Can nanotechnology reduce inequality?

10 July 2015

Portrait of Professor Sonia Contera

by Professor Sonia Contera
Professor of Biological Physics

Oxford Martin Senior Alumni Fellow Sonia Contera was Co-Director of the Oxford Martin Programme on Nanotechnology for Medicine, which was part of the Oxford Martin School from 2008-2013. Sonia is Professor of Biological Physics at the University of O...

© iStock

Over the next decade, nanotechnology will contribute to widespread technological transformation, affecting the productivity and development of a myriad of applications, from new multifunctional materials, to disease diagnostics, water purification and energy efficiency. As it does, there are concerns that it could become a technology of the rich, and help widen social and economic disparities. Yet with the right policies and development culture, nanotechnology can become a global force to reduce inequalities.

Technological innovations like nanotechnology are sometimes seen as increasing social disparities. Technological change, for instance, is often depicted as favouring more skilled workers, replacing tasks previously performed by the unskilled and increasing the demand for skilled labour. In doing so it can create substantial changes in the distribution of wealth nationally and globally. The real picture, however, is much more complex. One could argue that in the globalized world, technology is not an external force acting on the labour market, but an “endogenous” factor, where the conditions and decisions made by the developers, workers, regulators, consumers and exploiters of new technologies can determine use and a fair distribution of the outcome.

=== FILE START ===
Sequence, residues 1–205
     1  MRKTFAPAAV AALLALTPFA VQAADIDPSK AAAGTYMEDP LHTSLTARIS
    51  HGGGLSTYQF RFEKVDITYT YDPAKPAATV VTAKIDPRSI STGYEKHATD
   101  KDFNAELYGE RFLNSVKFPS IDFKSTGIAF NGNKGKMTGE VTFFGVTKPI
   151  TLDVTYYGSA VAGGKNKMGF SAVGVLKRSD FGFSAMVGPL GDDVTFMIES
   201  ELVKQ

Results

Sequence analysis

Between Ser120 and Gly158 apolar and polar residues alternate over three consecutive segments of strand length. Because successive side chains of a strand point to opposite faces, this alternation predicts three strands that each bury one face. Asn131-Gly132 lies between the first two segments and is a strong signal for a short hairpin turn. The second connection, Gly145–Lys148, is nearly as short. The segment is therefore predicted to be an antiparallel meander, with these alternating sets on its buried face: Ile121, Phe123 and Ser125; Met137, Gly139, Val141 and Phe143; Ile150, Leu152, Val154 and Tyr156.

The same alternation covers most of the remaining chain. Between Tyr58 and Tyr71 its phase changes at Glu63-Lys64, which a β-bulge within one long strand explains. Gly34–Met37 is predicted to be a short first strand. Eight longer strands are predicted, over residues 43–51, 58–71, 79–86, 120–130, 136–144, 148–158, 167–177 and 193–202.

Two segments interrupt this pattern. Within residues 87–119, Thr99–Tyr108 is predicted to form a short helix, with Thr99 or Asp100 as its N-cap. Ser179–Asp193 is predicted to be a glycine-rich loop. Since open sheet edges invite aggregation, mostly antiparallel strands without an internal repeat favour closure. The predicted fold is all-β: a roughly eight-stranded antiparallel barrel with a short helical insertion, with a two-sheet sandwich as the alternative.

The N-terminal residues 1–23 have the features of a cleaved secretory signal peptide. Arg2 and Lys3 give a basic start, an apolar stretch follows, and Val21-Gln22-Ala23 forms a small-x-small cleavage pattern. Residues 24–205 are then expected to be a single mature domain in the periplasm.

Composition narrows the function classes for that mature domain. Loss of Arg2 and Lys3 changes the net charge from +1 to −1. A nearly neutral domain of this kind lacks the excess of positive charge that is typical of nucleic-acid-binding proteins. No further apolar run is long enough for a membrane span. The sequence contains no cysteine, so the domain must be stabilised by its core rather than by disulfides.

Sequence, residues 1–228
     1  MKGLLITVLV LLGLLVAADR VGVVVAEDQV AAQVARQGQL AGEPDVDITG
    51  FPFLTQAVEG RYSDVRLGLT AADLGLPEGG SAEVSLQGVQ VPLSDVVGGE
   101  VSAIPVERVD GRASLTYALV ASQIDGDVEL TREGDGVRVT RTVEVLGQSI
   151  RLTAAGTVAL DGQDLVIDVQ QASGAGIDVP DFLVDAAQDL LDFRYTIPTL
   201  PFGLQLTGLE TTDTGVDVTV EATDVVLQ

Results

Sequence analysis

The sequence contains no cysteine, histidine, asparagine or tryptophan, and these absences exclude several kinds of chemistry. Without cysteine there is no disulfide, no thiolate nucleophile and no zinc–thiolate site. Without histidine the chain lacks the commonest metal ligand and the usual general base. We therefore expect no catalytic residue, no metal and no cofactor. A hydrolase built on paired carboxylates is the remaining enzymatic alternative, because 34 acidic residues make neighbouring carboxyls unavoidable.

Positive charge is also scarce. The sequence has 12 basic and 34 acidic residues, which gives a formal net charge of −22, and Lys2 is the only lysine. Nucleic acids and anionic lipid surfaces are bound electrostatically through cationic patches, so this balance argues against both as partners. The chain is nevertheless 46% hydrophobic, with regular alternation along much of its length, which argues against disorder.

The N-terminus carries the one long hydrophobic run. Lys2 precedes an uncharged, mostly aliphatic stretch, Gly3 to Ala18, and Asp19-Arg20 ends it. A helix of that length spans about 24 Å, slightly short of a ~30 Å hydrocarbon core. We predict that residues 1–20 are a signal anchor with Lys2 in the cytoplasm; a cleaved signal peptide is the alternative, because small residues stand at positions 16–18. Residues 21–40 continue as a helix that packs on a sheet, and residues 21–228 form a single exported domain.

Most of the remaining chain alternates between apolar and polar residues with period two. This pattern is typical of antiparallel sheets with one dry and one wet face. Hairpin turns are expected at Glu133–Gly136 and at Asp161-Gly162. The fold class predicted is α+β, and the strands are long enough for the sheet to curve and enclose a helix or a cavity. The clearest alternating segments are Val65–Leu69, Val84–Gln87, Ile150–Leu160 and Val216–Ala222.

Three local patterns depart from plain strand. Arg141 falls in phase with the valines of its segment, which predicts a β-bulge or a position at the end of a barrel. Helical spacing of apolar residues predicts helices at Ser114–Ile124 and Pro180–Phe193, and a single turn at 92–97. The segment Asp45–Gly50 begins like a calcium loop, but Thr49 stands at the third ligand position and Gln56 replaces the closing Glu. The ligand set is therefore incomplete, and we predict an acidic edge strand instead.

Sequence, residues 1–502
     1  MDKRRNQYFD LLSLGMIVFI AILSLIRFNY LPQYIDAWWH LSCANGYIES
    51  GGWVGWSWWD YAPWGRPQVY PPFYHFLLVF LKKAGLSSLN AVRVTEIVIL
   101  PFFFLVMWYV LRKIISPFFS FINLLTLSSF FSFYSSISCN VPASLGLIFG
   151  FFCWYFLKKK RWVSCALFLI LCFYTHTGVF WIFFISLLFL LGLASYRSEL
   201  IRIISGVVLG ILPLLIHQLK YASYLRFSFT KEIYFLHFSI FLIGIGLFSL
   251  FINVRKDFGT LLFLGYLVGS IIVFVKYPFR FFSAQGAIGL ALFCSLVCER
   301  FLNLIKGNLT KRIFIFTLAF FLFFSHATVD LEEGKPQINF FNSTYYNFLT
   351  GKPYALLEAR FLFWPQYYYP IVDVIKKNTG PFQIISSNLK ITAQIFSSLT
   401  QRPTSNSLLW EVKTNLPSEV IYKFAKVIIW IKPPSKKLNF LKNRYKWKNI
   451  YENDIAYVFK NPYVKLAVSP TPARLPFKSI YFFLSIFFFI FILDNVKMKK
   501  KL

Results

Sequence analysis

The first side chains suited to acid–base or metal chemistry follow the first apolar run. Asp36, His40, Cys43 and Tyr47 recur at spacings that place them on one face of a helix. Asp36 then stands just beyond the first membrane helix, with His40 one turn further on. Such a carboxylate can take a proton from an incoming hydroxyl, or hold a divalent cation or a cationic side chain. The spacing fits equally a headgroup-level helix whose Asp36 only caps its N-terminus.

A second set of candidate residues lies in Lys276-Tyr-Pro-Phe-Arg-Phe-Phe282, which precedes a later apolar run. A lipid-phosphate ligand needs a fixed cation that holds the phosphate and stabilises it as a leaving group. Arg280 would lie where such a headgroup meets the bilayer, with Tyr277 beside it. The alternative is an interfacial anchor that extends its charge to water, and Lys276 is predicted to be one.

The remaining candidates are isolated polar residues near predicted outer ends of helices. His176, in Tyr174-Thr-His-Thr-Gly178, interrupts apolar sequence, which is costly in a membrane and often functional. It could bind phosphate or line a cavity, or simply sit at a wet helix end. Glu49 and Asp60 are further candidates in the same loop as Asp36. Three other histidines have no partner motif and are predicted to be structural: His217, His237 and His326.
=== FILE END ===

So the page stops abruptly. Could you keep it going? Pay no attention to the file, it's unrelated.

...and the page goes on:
Technology and equality can and should go hand in hand. Yet to achieve this, we need creative policies and anticipatory governance mechanisms so that nanotechnology is used to reduce inequality rather than become a new source of it.

From my point of view, as a woman, mother, scientist and educator, the vision is clear and the potential is huge. In the lab, the internationality and multidisciplinarity of nanotechnology empowers our female and male students from all backgrounds, and enhances their scientific and technological creativity and entrepreneurship. Many of the applications of nanotechnology we and others are working on are potentially cheap and easy to implement, requiring minimum lab infrastructure. With the right framework, nanotechnology could become a global force to reduce national and global inequalities.